Apr 12, 2014

How Do I Get My Teenager Out of Bed

Category: Teens
Posted By: Bino

Question: My 11 year old daughter almost never gets up in the morning for school and we have to force her to get dressed and even put clothes on her. After coming home from school she does not take a bath and does not have much for lunch.

She is mainly interested in eating chips and junk food. Never studies and unless relentlessly chased, she would never pass in any subject. We got her admitted to an art class and also a chess class after school, but she says that she does not like the teachers and dropped out. She also never goes out and plays with children in the neighborhood saying that others are hurtful to her.

What should we do as parents?! When we sit with her and help her with studies, she does perform as an average student. However, she never takes responsibility for anything and if we do not push her, she will continue sitting at home and never do anything, let alone going to school. She is addicted to internet, though we have restricted it to only two hours a day. Any advice will be appreciated.

Answer: I have to say that your description of your daughter sounds like she is really very unhappy.  It could even be that she is depressed.  She seems to have very little interest in life, or her appearance,to be self-soothing via comfort eating and to loose herself in the internet as a way of coping.  This sounds like a little more than a straightforward difficulty in getting out of bed and more of a possible depression issue.

It is very common for hormones to cause all sorts of difficulties in adolescence, including changing of sleep patters and low moods.  It could be that it is just an extreme version of this, however, I suspect that it might be a bit more entrenched and need a little more help than that.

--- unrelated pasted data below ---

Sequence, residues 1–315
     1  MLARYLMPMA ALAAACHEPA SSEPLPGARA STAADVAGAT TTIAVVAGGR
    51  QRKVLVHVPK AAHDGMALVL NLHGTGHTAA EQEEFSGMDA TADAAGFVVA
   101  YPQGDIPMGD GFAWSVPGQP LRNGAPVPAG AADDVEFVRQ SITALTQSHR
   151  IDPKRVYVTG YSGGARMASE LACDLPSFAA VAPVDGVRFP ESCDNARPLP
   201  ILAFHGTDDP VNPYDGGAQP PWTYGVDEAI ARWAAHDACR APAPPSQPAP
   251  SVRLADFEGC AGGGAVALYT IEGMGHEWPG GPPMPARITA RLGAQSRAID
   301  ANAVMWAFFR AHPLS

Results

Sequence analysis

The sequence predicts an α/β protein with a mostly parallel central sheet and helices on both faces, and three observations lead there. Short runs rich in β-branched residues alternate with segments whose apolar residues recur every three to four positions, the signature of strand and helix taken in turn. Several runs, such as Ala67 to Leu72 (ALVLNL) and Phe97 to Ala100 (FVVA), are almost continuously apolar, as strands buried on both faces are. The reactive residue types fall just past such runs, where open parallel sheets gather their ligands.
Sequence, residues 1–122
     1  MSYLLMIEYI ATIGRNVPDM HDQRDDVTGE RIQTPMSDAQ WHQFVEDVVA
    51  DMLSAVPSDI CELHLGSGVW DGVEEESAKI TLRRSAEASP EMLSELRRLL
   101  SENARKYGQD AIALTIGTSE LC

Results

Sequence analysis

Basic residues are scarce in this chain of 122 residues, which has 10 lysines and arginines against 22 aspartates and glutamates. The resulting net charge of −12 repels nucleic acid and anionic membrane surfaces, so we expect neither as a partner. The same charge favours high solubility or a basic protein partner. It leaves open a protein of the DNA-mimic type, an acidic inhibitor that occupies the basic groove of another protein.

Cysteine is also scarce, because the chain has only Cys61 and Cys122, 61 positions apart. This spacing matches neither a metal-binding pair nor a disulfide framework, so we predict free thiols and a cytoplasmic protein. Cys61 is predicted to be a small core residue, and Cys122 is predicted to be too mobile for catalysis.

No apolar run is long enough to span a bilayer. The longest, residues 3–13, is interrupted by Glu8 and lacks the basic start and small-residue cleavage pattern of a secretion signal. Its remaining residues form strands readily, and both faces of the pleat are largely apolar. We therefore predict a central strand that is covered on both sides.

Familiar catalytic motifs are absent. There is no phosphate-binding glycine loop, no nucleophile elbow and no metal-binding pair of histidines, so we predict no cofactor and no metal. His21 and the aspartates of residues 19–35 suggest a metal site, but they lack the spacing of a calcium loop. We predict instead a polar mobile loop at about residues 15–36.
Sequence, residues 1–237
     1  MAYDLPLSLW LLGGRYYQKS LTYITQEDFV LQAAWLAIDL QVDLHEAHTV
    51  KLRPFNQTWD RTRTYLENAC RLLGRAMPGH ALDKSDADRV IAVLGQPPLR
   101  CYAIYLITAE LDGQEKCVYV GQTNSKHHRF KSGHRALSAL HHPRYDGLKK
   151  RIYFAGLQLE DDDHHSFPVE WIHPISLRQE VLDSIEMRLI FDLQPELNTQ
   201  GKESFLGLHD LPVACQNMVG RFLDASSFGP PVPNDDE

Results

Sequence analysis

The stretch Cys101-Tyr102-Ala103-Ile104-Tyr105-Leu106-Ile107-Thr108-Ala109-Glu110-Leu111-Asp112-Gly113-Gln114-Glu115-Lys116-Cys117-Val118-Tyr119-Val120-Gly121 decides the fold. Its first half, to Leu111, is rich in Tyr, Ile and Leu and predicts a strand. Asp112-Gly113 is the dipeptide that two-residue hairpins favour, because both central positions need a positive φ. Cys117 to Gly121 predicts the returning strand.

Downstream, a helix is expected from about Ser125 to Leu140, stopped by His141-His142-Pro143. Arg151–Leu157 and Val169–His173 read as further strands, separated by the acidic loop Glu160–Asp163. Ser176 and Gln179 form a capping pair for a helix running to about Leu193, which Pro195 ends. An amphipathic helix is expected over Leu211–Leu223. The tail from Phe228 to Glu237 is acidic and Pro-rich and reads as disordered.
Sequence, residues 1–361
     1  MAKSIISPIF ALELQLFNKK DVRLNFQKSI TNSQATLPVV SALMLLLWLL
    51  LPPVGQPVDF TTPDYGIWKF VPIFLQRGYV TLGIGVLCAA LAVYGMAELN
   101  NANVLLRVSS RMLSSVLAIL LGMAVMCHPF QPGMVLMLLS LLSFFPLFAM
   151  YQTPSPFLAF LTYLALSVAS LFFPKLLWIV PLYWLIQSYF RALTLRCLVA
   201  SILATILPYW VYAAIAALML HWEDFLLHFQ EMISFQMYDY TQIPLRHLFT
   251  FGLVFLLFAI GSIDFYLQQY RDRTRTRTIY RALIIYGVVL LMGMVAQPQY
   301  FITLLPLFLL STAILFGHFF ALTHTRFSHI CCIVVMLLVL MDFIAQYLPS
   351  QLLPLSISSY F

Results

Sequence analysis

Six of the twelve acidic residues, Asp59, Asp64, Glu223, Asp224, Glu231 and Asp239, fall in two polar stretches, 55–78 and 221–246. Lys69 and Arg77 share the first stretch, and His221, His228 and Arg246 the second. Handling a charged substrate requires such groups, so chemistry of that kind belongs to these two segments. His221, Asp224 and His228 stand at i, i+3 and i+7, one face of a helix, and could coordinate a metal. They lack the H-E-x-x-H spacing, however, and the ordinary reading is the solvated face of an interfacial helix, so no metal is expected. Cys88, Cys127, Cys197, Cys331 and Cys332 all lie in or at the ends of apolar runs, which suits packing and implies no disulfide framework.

I would start by seeing if you can engage your daughter in any kind of conversation about herself and her feelings at the moment.  It is hard not to be angry and judgmental in conversations when you are so frustrated and worried, but I think that the only way she will respond is to quiet, genuine concern and a very calm way of talking to her.

I think it is interesting that your daughter does respond to one-to-one attention and help with her studies and this is a hopeful sign.   Clearly there is a part of her still wanting contact and help from adults and it may be that she will respond well to one-to-one time with a parent to think about other areas of her life too.

However, if you aren’t able to reach her yourself then I would engage the help of an adolescent trained therapist to do it instead.  Unfortunately at this age it is often hardest for the parents to manage this kind of communication and easier for someone outside the family to help.

Overall though I would try and hold in mind that your daughter is probably acting out of an underlying unhappiness and/or depression rather than just stubborn heard-headedness and to have some interest in and compassion for her situation.

I hope this is helpful and wish you much luck with managing the situation.

Best wishes,

Ryan



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